Climate Finance Update: $89.6 Billion in 2021, Doubts Over $100 Billion Goal

According to a recent report from the Organization for Economic Cooperation and Development (OECD), developed countries contributed and mobilized a total of $89.6 billion in climate finance for developing countries in 2021. This marked a 7.6% increase from the previous year. However, adaptation finance saw a decrease of 14%, totaling $4 billion.

Uncertain Achievement of $100 Billion Goal

The OECD report suggests that the $100 billion goal set for developed countries providing financial support to developing nations might have been achieved in 2022. Yet, the lack of conclusive data raises questions about the validity of this claim.

Significance of OECD’s Latest Analysis

Published just before the 28th Conference of Parties to the United Nations Framework Convention on Climate Change (COP28), the OECD’s analysis holds significant importance. The report evaluates progress toward the commitment made by developed countries at COP15 in 2009 to provide $100 billion annually from 2020 to 2025 for addressing climate needs in developing nations.

Tracking Progress: OECD’s Annual Climate Finance Report

The OECD’s annual climate finance report serves as a crucial tool for tracking progress towards the $100 billion goal. It not only outlines overall trends but also provides detailed analysis on scaling up adaptation financing and mobilizing private sector finance.

Key Highlights from the Reports

  1. Public Climate Finance: In 2020, public climate finance from bilateral and multilateral sources amounted to $73.1 billion, nearly doubling from $38 billion in 2013.
  2. Adaptation and Cross-Cutting Finance: While adaptation finance decreased by 14% in 2021, cross-cutting finance, supporting both adaptation and mitigation efforts, increased from $6 billion in 2020 to $11.2 billion in 2021.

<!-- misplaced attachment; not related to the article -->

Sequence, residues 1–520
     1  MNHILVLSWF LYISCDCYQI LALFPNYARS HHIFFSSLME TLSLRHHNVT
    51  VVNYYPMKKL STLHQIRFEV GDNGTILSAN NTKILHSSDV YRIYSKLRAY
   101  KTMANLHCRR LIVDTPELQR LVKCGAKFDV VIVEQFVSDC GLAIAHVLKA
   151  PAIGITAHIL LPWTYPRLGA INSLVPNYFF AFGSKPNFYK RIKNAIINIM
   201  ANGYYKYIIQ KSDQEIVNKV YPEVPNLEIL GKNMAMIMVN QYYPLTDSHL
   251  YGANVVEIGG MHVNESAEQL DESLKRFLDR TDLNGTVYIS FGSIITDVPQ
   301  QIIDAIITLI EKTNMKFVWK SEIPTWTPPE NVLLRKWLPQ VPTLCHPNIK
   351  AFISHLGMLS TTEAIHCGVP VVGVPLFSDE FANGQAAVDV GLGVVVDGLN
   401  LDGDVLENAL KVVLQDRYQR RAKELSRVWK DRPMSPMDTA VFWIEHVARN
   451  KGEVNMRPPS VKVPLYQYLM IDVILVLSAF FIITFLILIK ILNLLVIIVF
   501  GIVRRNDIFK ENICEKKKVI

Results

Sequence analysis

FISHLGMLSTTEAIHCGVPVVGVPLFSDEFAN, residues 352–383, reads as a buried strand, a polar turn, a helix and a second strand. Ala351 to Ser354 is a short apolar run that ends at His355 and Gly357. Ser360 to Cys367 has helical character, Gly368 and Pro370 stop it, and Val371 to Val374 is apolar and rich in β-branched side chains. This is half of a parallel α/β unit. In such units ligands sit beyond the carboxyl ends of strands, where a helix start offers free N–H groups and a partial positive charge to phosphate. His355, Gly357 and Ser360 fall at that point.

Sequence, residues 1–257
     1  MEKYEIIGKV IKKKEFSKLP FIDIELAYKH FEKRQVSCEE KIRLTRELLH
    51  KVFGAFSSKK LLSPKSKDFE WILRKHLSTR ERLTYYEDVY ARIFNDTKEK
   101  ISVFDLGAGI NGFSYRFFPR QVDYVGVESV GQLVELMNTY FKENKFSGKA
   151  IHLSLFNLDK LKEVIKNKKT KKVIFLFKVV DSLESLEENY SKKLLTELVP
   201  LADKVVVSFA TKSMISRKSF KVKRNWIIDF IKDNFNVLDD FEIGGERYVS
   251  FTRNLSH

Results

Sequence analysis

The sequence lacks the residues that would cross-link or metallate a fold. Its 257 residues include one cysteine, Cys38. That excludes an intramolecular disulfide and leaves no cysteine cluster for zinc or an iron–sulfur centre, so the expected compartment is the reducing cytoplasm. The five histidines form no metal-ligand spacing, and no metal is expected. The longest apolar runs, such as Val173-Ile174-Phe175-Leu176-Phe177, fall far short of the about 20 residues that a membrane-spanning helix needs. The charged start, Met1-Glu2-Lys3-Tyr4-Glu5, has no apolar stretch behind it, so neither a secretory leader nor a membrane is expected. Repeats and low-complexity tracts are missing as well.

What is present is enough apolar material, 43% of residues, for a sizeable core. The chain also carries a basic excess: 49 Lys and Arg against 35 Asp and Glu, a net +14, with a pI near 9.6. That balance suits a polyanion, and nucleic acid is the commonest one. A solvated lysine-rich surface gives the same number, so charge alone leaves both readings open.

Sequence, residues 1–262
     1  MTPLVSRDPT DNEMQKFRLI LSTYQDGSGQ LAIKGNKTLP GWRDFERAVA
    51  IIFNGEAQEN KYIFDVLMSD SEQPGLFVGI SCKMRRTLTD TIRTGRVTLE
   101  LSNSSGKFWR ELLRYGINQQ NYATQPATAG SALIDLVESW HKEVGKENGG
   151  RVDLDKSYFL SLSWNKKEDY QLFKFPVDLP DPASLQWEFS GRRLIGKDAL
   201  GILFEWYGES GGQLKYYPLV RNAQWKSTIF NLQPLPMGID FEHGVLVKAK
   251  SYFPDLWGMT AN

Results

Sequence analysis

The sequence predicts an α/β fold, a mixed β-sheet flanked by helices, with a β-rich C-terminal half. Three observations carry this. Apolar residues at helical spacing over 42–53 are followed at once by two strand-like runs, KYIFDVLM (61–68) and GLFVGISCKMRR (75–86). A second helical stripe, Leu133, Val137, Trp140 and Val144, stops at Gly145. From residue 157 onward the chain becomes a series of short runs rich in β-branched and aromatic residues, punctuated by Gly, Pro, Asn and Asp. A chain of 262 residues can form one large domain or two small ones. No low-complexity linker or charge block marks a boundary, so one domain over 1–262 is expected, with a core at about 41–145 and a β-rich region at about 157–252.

3. Private Climate Finance: Private climate finance mobilized reached $14.4 billion in 2021, constituting 16% of the total.
  4. Sector-wise Distribution: Between 2016 and 2021, the highest climate finance investments were in energy, transport and storage, agriculture, forestry, fishing, water supply, and sanitation.
  5. Loans Dominance: Loans dominated climate finance from developed countries, representing over two-thirds of the total, amounting to $49.6 billion, while grants were under 30% at $20.1 billion, and equity investments remained marginal.

Challenges and Concerns

The report raises concerns about the dominance of loans over more affordable sources of finance, particularly affecting low-income countries. The quality of finance and the debt burden on developing nations are persistent issues.

Uncertain Achievement of the $100 Billion Goal

Although a joint statement from Canada and Germany suggests that the $100 billion goal was met in 2022, the OECD report emphasizes the lack of verified data supporting this claim. The issue of finance quality, with a large portion being market rate loans, remains a challenge.

OECD’s Recommendations

The OECD recommends focusing on increasing private finance mobilization and scaling up adaptation finance. However, building trust remains a crucial factor, given the repeated failure of developed countries to fulfill their promises. The $100 billion target is deemed non-negotiated and non-reflective of the actual needs of developing countries, requiring a reevaluation of global climate finance strategies.



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